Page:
The Law Commission has issued a consultation paper on rights to light. Broadly, the Commission's proposals may be seen as “pro-development” while still recognising the importance of protecting the amenity value of rights to light.

An end to prescription?

For example, the paper suggests an end to the acquisition of rights to light through long use (prescription). If accepted, this should reduce the instances of developers needing to overcome rights to light, a significant proportion of which arise inadvertently through long use, rather than by express grant.

Any such change would not have retrospective effect, however, so rights which have already accrued or are on the cusp of accruing would remain untouched. That said, the Commission's proposals also include extending the Lands Tribunal’s powers, to permit modification or discharge of rights to light in certain circumstances. As well as providing a theoretical means to overcome prohibitory rights, such an extension should also limit 'ransom' payments, demands for which might be tempered by the right becoming liable to discharge in any event.

The effects of Heaney

The Commission also proposes significant changes to the rules governing the availability of injunctions for infringement of rights to light. HKRUK II (CHC) Ltd v Marcus Alexander Heaney (2010) shone a light on the tactic employed by certain right-owners who, by failing to take any active steps towards claiming an injunction, force developers into offering inflated payments to bring matters to a head. Referring to this, the Commission recognised that such tactics may be employed by parties “not interested in protecting their entitlement to light, but rather exploiting the right to protect it. It has long been open to landowners to threaten to prevent, or to cause the demolition of, a development by pursuing an injunction unless a significant payment is made….Heaney makes it very difficult for advisors to establish the likelihood of any threat being successful".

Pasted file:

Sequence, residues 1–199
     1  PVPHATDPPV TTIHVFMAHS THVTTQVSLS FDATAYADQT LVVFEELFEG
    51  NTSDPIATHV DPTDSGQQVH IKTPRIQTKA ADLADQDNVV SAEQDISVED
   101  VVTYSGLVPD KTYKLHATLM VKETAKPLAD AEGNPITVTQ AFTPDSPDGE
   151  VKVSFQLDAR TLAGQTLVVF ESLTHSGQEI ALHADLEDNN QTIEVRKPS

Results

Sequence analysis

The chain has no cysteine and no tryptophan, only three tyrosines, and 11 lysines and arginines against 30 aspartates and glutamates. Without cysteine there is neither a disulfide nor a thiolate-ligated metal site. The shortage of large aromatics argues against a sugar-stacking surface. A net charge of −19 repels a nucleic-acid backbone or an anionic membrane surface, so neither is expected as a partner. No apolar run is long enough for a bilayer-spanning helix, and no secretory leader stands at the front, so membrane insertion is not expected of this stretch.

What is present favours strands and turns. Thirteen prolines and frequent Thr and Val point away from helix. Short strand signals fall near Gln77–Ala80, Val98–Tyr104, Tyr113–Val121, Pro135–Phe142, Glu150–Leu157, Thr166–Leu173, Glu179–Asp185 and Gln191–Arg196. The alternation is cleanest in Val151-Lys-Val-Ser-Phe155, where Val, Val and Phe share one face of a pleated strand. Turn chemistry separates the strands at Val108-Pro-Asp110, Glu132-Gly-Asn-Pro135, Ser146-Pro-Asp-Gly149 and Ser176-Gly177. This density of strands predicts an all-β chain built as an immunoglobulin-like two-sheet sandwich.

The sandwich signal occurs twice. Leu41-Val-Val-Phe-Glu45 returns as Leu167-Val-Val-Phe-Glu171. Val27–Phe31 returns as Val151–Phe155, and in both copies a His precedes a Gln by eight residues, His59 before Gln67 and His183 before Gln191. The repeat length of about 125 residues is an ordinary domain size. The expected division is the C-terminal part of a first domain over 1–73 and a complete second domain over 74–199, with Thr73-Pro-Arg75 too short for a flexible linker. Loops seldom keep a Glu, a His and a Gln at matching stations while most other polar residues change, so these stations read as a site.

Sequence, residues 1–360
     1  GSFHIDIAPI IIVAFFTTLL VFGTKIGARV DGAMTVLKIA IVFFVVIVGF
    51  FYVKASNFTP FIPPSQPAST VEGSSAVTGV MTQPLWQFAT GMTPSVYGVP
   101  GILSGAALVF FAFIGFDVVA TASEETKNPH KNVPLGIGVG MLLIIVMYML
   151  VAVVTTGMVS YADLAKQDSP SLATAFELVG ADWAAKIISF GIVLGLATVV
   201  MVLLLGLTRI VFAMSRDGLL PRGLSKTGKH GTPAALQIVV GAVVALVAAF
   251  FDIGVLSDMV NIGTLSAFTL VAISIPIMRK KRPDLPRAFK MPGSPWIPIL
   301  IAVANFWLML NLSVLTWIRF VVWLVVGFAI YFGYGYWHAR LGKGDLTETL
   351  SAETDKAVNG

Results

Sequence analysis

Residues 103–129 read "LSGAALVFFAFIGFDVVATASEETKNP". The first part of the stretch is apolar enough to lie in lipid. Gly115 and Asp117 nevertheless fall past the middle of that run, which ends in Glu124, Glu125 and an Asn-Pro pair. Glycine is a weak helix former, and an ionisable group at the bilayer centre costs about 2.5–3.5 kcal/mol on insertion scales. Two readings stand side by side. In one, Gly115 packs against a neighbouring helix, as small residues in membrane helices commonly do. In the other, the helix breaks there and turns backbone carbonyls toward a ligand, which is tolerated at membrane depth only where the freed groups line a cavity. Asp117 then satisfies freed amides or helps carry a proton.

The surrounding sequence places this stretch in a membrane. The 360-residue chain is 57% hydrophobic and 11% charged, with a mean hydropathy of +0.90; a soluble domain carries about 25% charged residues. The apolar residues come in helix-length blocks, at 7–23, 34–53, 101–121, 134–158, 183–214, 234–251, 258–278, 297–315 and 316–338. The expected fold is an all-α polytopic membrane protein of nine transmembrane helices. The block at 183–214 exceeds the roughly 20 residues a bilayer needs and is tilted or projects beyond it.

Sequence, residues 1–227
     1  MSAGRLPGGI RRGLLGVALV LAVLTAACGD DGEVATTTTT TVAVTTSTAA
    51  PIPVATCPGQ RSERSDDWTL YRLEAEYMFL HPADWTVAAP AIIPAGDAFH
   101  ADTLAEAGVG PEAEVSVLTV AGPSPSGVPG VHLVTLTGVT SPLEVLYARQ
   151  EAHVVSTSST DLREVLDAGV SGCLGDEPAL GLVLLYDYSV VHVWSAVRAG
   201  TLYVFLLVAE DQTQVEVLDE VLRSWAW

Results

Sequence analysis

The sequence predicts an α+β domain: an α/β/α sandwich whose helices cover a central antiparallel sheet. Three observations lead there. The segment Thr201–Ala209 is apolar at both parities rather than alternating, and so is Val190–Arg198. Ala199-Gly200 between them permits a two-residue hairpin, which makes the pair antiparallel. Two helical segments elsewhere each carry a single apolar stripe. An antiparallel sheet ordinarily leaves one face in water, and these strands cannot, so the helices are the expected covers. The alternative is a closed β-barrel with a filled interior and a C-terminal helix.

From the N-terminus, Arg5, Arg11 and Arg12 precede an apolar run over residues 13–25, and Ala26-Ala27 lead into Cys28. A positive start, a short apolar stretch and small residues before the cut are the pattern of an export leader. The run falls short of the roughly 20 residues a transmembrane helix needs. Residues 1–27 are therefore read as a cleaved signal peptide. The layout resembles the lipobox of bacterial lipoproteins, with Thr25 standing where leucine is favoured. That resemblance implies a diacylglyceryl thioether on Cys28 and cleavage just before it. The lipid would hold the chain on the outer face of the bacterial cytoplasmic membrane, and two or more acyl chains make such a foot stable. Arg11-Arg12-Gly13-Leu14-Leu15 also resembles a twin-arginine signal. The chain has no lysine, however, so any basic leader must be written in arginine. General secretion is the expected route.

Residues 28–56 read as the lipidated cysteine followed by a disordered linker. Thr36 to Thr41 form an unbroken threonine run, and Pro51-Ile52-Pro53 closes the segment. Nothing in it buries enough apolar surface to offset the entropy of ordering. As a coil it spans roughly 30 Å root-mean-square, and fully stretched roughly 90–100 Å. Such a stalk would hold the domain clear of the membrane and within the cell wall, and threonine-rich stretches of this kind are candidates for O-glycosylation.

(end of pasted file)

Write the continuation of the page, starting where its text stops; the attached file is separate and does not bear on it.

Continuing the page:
Use it or lose it

In light of the apparent prejudice to developers in this regard, the Commission suggests a procedure allowing right-owners a window of opportunity to assert their rights and take action to injunct. Without positive action within that window, the right to injunct would be lost. Parties whose rights were overcome would still be able to claim damages from the developer and, applying the decision in a previous case, Tamares, such damages might still include a share in the likely profit in the development. Nonetheless the ability of developers to proceed free of the threat of any injunction would be valuable.

Generally, the consultation will provide an illuminating read for anyone working in the field of property development with experience of the impact of rights to light, or indeed those who fear their rights may be at risk of infringement. Interested parties should note that responses to the consultation must be received by 16 May 2013.

The consultation may be found here.